You’ve heard the old adage time and time again–Practice Makes Perfect. It’s been around so long because it’s true; the best way to improve yourself after you’ve acquired the tools is to cultivate them into skills. After your vocal lessons, it’s important to do your daily vocal warm-ups and exercises to continue building strength in the muscles of your vocal cavity. After your acting classes and workshops, continue to run lines, blocking, and scene rehearsing. Visualization with a virtual stage at home can help to put all phases of your scene together. And after your dance lessons, continue doing your daily stretches and routine practicing in order to polish them up for the next class and, ideally, the eventual performance. P-R-A-C-T-I-C-E!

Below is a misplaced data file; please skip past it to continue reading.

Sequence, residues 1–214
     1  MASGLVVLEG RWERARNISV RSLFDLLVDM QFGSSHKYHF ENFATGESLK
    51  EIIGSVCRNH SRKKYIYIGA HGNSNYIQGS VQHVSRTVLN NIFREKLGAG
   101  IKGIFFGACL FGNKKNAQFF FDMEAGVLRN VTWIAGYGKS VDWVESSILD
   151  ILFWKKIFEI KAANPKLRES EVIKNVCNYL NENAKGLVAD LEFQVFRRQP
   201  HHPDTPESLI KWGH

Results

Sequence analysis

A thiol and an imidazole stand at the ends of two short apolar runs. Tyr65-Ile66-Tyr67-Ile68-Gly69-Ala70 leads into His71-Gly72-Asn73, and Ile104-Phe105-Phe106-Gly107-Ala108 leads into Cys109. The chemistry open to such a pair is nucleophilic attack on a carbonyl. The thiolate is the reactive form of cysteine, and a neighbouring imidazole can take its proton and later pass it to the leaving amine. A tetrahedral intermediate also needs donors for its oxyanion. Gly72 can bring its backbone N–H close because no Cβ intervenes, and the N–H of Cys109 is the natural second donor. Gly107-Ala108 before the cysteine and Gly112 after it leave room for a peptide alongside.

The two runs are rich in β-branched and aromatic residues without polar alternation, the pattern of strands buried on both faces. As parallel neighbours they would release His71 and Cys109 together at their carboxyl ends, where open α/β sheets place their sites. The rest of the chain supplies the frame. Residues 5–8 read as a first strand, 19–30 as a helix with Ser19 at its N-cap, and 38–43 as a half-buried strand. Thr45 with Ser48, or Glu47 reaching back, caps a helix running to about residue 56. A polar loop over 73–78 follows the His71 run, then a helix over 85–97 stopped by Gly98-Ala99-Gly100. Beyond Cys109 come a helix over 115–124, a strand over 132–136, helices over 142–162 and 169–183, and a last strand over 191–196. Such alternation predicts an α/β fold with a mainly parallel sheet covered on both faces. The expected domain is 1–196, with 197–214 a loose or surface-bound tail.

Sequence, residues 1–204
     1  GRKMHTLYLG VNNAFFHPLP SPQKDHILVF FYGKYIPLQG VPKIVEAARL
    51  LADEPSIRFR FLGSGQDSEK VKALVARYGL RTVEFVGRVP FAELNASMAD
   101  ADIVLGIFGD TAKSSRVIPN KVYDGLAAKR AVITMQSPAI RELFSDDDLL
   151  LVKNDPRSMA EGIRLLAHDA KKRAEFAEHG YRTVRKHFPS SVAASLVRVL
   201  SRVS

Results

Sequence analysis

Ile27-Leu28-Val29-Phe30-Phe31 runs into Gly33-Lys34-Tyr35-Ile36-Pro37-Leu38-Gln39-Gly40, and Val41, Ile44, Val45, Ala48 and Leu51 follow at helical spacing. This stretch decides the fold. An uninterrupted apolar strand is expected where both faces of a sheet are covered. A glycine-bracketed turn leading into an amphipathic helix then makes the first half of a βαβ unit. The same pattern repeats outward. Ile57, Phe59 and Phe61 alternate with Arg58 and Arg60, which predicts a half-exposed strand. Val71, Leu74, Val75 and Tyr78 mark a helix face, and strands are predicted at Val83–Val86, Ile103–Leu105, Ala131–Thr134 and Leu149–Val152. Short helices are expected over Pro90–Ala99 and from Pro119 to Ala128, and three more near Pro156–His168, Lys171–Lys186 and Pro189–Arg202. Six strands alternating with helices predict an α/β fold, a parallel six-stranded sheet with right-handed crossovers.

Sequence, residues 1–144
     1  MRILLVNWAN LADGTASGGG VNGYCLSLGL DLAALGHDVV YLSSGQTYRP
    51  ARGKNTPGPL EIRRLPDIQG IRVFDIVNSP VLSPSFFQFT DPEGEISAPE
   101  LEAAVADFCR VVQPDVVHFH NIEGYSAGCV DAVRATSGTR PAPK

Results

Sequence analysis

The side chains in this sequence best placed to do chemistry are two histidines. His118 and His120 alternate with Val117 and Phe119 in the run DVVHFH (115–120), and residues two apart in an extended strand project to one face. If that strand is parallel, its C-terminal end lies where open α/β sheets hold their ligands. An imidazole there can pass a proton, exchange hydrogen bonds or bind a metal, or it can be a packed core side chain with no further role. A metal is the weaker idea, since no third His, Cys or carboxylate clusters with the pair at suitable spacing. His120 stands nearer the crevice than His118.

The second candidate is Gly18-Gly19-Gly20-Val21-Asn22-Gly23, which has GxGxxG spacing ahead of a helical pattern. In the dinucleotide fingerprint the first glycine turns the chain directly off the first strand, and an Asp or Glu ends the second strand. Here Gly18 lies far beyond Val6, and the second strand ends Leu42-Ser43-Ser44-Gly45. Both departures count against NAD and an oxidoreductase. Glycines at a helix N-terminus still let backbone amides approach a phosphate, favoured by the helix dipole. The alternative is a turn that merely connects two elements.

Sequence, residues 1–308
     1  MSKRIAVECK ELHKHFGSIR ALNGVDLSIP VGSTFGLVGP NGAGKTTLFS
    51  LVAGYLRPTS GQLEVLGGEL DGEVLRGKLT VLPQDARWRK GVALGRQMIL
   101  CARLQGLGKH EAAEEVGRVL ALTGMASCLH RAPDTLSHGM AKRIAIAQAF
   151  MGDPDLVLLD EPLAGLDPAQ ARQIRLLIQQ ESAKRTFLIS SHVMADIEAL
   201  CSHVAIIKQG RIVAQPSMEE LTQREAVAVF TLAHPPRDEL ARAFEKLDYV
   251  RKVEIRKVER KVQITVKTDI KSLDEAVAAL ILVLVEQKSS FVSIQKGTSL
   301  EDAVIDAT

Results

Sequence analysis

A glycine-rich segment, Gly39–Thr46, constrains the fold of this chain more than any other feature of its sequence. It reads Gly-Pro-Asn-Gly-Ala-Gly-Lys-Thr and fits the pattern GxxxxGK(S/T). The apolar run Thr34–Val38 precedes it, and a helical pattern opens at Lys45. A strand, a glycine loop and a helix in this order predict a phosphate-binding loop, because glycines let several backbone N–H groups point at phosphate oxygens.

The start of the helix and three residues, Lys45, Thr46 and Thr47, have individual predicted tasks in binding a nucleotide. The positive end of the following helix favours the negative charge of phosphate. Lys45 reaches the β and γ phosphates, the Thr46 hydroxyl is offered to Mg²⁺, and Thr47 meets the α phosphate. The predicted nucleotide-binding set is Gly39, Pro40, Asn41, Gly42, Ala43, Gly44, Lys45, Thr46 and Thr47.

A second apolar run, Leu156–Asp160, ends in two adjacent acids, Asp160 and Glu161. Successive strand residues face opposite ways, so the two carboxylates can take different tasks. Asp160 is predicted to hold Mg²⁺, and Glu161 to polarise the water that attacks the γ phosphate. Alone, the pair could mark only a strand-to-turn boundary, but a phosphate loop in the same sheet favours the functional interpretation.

Performance

After the preparation, and after all of the practicing, the payoff draws near–the Performance. With your vocal lessons, seek out vocal opportunities either solicited from your vocal teacher or elsewhere. Community choral groups are a wonderful place to learn how to sing with others and cultivate your musical score reading skills. As a solo singer, your local coffee shop, bar, or music store may lead open mic nights for you to pop into and sing a few selections you’ve been working on for an audience.

For acting, look into your local community theater companies for audition opportunities. Check the audition dates (usually on their website or the theater box office) and ask your acting instructor for input on audition pieces if you haven’t already.

Lastly, for dancing, dance showcases are the perfect opportunity to strut your stuff. If you’re attending classes at a dance studio, chances are they’ll have a showcase coming up. If not, actively seek out showcases you can audition for–try your city’s Park and Recreation department, or other local dance studios. These organizations are always looking for new undiscovered talent or new dancers to join their ranks.